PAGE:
Maybe It’s Time (A Star Is Born) – Cover – Bradley Cooper – how to play

A cover version of Maybe It’s Time from the movie a Star is born, which stars Lady Gaga and Bradley Cooper.  Lyrics and chords below..this is how I played it anyways, after listening to it a couple of times.

[Chorus 1]

G                                      C                         G

Maybe it’s time to let the old ways die

C                                                             G

Maybe it’s time to let the old ways die

C

It takes a lot to change a man

G                     Em

Hell, it takes a lot to try

D                                             C             G

Maybe it’s time to let the old ways die

 

[Verse 1](chords same as chorus)

 

Nobody knows what waits for the dead

Nobody knows what waits for the dead

Some folks just believe in the things they’ve heard and things they read

Nobody knows what awaits for the dead

 

[Verse 2]

C                                                                           G

I’m glad I can’t go back to where I came from

C                                                                       G

I’m glad those days are gone, gone for good

C                                                            G                    Em

But If I could take spirits from my past and bring them here you

D

know I would

C

Know I would

[Verse 3] (chords same as chorus)

Nobody speaks to God these days

Nobody speaks to God these days

I’d like to think he’s lookin’ down and laughin’ at our ways

Nobody speaks to God these days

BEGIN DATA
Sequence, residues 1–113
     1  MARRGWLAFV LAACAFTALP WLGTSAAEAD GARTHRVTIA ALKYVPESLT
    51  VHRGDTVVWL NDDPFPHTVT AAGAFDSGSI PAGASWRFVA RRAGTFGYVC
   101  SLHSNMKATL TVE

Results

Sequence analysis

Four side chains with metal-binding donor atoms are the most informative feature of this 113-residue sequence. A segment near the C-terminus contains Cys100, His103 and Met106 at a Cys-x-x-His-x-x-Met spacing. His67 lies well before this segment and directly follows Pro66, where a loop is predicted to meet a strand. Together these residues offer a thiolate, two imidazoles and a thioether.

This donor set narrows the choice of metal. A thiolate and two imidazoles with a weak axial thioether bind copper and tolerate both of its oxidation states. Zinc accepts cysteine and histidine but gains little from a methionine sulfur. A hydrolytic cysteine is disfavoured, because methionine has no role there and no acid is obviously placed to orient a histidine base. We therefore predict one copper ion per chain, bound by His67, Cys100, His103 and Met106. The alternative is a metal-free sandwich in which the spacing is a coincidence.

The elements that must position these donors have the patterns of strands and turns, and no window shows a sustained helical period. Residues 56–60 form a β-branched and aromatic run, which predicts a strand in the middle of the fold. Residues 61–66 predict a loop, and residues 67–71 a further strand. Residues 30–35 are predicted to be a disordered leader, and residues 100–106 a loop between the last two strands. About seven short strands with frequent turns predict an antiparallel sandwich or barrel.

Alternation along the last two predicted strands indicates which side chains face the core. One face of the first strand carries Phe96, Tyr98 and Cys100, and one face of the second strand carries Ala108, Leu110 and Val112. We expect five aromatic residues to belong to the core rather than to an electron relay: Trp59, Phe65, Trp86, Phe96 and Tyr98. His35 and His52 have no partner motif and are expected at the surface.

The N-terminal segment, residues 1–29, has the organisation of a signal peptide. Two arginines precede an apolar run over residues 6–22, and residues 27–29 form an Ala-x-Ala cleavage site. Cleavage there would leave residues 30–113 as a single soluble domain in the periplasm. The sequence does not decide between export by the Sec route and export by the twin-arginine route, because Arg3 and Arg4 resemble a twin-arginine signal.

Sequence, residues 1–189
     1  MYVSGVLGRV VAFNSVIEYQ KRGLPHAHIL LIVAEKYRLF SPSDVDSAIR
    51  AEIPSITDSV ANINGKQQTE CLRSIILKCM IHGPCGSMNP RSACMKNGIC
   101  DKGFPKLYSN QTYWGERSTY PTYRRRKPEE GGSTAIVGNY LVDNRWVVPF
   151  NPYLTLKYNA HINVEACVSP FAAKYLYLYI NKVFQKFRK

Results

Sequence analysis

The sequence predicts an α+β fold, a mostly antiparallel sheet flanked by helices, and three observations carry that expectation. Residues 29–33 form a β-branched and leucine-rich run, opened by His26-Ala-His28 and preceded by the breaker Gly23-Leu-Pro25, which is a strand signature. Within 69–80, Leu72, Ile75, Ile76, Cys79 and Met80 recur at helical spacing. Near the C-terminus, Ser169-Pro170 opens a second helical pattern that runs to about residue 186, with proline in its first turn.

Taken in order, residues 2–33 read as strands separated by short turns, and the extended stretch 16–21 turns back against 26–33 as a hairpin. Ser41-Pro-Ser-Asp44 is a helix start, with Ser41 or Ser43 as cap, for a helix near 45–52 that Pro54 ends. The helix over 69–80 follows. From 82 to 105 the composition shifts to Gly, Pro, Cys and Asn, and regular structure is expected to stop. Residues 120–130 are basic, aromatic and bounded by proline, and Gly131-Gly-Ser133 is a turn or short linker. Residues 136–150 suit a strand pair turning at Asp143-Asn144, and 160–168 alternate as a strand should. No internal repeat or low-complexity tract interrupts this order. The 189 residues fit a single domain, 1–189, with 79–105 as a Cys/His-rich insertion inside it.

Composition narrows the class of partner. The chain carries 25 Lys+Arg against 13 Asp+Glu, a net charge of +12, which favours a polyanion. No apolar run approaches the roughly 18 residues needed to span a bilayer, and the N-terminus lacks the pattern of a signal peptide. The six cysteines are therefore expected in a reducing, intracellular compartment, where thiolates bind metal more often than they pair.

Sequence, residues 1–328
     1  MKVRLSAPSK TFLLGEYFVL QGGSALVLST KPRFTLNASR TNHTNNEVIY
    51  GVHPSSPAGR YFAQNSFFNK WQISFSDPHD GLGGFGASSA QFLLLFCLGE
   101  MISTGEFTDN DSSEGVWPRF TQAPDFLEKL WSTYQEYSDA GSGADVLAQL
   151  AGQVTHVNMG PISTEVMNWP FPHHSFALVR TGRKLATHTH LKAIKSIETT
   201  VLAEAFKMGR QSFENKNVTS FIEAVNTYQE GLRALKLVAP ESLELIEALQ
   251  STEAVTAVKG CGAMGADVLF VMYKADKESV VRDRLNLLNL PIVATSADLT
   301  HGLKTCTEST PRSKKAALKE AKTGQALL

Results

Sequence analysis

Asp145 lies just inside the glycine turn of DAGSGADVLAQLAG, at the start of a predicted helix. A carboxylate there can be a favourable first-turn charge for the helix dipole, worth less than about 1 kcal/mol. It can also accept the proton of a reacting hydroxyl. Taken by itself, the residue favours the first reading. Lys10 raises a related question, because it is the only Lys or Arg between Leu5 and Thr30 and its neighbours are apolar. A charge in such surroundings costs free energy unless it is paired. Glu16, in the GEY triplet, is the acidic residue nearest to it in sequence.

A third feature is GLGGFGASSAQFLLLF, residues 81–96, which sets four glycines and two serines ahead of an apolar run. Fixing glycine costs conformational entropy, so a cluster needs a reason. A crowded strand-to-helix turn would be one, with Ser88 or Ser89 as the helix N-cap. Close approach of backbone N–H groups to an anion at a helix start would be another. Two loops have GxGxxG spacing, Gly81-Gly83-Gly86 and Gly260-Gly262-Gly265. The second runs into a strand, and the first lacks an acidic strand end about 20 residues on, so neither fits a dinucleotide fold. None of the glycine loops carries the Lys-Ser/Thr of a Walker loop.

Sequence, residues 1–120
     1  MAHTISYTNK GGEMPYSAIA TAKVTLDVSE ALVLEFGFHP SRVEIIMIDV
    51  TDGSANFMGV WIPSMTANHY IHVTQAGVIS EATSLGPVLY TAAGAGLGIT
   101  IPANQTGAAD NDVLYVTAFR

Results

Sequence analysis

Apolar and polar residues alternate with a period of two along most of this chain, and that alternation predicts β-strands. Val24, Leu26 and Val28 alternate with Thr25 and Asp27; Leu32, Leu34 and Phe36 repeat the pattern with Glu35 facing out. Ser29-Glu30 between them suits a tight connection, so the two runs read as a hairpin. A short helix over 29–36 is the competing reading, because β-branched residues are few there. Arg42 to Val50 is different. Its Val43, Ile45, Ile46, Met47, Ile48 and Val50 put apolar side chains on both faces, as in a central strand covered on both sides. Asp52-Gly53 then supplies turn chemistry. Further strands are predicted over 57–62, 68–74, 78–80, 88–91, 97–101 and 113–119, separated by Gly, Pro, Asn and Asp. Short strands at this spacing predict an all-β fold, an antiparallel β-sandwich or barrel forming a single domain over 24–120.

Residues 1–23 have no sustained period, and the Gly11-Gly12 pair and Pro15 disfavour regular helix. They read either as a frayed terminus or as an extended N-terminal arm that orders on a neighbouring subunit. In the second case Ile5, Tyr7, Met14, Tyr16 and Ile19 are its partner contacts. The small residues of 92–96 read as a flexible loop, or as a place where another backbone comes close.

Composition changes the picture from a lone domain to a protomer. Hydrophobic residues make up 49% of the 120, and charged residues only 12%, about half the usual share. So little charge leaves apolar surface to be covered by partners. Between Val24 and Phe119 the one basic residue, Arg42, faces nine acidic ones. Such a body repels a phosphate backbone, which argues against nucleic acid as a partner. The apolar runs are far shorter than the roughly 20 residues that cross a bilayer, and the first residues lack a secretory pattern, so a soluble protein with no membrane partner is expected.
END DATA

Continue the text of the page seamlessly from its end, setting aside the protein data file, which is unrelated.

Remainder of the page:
[Verse 4] (chords same as verse 2)

When I was a child they tried to fool me

Said the worldly man was lost and that a Hell was real

But I’ve seen Hell in Reno And this world’s one big old Catherine wheel Spinning still

 

[Chorus 2]

Maybe it’s time to let the old ways die

Maybe it’s time to let the old ways die

It takes a lot to change your plans

And a train to change your mind

Maybe it’s time to let the old ways die

[Outro]

Oh, maybe it’s time to let the old ways die

Music Video The Breakdown

The Breakdown

Here’s a new video for an original song called the Breakdown. The video was recorded in Thurstaston, Wirral. I was getting back to more rocky roots, with some electric guitar riffs.

I’m in the process of recording more new songs.

Chek out my other albums:

Music at Liverpool Cathedrals Liverpool Hope University The Big Hope 2

Recently I got the chance to perform at both of Liverpool’s fantastic Cathedrals. I was invited to take part in Liverpool Hope University‘s The Big Hope 2.

Performing in Metropolitan Cathedral Liverpool Photo by Hope University

On 13th of June I performed a version of John Lennon’s Imagine at the Anglican Cathedral. It wasn’t until a few moments after I arrived that I learned that I would be performing it as part of an address by Father Michael Lapsley, a South African Anglican priest and social justice activist. Below is a video from that event. The reverb of the Anglican Cathedral was amazing.

On 19th June I returned to sing at the Metropolitan Cathedral to sing You’ll Never Walk Alone. I was originally asked to sing Cohen‘s Hallelujah but some of the lyrical content was brought into question. Below is a video from that ceremony. I fluffed a few words, but I was quite nervous.

It was an honor to be involved in the event and am very pleased to have been given the opportunity to sing solo in both of Liverpool’s amazing Cathedrals.

Molly Tuttle and Rachel Baiman at Grateful Fred’s, Atkinson Theatre, Southport, 2nd May 2018